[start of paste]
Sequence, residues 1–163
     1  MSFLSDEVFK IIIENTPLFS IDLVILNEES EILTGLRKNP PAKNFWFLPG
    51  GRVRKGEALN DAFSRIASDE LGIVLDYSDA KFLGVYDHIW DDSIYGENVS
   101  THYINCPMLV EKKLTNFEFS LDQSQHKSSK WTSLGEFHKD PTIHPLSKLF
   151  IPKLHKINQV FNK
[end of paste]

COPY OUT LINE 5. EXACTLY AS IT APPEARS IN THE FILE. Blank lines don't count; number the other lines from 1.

   151  IPKLHKINQV FNK